• Andy Sadler

Olivet College Interested in Esports Integration

Various colleges in Michigan have begun to integrate esports into their athletic programs, and Olivet College has taken interest as well. With new gaming releases focusing more on the competitive side of their player bases, it’s not hard to see why many colleges have begun to take interest in representing their institutions in a unique way.


“Adding esports has been a topic of discussion for a while now,” said Haley Diringer, athletic director at Olivet College. “We are always working to see how we can best represent Olivet in the realm of athletics.”


According to MIAA Commissioner Penny Allen-Cook, Trine University’s incorporation of esports into their athletic program in 2017 is what started the trend of other MIAA colleges doing the same. The only hurdle in officially having esports in the MIAA is having them getting sponsored by the NCAA. “It is sponsored independently by a few of our institutions,” said Allen- Cook. “We can only sponsor sports as a conference that are sanctioned by the NCAA. With that being said, until the NCAA decides to sponsor esports, which is not likely, that’s not something we will jump into.”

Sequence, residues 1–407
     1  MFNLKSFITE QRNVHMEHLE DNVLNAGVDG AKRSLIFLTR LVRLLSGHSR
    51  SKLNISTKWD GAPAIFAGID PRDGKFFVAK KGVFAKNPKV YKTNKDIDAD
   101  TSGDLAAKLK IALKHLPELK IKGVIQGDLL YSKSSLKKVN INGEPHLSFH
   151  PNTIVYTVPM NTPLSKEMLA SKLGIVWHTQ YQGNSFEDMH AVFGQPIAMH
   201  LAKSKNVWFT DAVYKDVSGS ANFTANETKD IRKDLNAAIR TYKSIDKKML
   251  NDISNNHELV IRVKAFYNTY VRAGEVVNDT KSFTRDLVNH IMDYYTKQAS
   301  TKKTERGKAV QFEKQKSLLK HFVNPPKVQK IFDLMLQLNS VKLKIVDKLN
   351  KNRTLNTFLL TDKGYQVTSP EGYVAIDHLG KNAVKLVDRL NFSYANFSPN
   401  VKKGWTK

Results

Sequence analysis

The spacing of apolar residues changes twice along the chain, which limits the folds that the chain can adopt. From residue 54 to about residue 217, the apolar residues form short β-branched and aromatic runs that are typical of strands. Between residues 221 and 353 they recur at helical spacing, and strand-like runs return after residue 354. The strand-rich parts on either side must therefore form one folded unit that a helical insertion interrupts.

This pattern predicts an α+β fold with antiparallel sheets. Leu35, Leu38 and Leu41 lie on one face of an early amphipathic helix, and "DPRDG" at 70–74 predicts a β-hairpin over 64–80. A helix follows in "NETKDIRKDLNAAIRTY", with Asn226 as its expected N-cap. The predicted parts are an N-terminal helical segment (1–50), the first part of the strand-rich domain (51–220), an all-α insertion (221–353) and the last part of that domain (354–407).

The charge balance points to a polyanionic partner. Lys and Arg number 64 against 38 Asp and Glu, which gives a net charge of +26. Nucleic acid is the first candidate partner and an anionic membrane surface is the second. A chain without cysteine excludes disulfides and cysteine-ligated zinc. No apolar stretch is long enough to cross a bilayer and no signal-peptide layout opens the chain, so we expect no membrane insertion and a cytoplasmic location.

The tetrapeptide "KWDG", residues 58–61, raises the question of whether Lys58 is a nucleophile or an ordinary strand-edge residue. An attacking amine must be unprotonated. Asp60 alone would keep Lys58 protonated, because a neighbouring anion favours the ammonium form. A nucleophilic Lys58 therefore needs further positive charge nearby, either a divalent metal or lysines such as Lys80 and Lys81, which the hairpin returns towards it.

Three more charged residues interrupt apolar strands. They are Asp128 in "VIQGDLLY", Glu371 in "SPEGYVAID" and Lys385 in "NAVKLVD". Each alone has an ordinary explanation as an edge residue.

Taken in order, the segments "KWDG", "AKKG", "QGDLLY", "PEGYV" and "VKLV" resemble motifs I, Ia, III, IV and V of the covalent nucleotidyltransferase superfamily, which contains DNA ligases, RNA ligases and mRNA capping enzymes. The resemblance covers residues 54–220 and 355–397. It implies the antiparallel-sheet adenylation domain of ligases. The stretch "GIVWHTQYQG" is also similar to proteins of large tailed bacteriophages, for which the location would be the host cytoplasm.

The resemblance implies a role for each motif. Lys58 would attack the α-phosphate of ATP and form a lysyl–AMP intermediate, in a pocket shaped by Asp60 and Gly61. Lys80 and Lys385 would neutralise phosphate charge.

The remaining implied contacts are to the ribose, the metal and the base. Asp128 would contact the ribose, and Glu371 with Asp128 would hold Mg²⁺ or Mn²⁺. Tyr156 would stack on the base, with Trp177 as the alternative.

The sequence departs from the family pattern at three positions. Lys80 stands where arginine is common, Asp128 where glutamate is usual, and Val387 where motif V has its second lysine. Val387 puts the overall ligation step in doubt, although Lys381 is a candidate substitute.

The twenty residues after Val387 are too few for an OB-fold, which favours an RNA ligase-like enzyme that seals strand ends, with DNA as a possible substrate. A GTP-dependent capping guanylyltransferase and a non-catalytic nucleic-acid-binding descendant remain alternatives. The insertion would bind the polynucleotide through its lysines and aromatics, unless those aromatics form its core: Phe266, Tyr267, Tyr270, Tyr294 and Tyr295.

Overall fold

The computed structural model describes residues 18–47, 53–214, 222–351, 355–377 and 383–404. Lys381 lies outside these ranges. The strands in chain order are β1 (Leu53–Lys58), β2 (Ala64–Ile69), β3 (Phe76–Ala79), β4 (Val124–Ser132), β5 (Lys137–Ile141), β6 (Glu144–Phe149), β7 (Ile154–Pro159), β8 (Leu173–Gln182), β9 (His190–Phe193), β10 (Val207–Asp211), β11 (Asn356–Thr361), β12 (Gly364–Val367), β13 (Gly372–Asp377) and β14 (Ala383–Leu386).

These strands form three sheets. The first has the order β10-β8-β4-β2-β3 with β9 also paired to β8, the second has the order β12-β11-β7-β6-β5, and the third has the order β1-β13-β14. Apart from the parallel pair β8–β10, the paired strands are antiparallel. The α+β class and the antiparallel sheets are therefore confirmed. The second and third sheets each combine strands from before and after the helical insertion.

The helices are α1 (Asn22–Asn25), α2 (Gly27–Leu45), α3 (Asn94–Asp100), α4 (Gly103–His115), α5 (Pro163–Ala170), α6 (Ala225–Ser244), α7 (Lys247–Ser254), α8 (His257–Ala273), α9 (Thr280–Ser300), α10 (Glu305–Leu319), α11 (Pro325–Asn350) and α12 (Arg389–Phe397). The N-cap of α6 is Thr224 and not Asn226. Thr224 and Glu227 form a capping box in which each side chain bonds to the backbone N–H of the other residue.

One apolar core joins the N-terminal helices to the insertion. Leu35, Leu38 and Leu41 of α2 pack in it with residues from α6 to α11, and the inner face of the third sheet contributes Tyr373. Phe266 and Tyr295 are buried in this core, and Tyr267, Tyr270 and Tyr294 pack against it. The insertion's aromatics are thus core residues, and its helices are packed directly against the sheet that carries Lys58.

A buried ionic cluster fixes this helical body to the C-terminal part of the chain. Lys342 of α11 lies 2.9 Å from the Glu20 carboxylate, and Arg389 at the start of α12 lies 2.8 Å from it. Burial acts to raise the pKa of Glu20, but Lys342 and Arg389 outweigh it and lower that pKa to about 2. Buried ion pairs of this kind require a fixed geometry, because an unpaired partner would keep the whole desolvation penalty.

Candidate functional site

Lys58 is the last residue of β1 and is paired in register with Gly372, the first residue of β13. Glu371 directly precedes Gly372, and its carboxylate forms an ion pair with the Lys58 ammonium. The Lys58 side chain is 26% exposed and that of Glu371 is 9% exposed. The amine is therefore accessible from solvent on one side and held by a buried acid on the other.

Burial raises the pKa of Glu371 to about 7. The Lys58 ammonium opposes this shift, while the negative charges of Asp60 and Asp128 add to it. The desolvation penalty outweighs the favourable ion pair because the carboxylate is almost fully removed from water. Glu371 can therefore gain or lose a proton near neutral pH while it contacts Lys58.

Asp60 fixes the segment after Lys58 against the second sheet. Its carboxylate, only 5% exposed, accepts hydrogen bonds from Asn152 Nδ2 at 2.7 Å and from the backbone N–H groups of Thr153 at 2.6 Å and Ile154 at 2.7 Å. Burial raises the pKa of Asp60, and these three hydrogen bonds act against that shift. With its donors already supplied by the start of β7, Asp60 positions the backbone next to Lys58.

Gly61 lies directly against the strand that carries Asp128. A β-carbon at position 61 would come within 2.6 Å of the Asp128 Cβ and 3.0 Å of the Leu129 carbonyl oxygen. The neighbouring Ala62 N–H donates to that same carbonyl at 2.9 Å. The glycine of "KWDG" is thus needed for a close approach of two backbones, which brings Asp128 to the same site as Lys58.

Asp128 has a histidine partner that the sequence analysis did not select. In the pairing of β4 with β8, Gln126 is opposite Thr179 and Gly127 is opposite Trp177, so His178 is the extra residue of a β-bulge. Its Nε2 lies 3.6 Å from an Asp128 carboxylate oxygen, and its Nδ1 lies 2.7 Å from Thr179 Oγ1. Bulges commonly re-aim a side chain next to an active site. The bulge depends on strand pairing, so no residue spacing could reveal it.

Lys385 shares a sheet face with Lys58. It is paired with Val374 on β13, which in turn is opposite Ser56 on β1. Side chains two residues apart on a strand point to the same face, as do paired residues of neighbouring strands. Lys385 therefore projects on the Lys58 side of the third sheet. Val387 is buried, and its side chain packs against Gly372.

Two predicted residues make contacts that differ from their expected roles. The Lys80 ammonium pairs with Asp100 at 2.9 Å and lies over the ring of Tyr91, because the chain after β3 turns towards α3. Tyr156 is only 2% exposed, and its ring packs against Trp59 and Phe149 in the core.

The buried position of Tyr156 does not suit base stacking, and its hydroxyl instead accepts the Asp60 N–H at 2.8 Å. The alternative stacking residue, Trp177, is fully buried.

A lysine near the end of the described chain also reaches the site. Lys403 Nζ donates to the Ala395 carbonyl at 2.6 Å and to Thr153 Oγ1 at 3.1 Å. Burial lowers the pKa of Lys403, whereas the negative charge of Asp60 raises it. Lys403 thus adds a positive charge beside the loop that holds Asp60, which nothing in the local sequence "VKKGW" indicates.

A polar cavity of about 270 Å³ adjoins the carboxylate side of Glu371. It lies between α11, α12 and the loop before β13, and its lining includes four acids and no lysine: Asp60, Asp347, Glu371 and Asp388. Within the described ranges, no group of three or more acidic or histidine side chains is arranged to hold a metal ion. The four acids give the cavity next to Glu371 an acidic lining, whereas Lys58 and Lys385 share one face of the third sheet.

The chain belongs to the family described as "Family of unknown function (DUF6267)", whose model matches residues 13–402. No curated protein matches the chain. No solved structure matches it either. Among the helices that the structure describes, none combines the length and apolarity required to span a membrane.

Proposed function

Despite the NCAA not sponsoring college esports yet, streaming websites such as Twitch.tv have become almost entirely dedicated to people streaming and playing not only competitive fighting games such as entries in the Street Fighter and Mortal Kombat series, but especially modern shooter games such as Call of Duty: Warzone and Fortnite. Streamers who play these sorts of games can get thousands of live viewers, according to Twitch.tv analytics.


“We’re not afraid to take on new sports,” said Professor Arthur Williams, faculty athletic representative at Olivet College. “Quite frankly, I think it’s a sort of thing that if we get involved, we don’t have to have a giant arena to do that. It could be a wonderful opportunity for smaller institutions to get their foot in the door and to get some recognition.”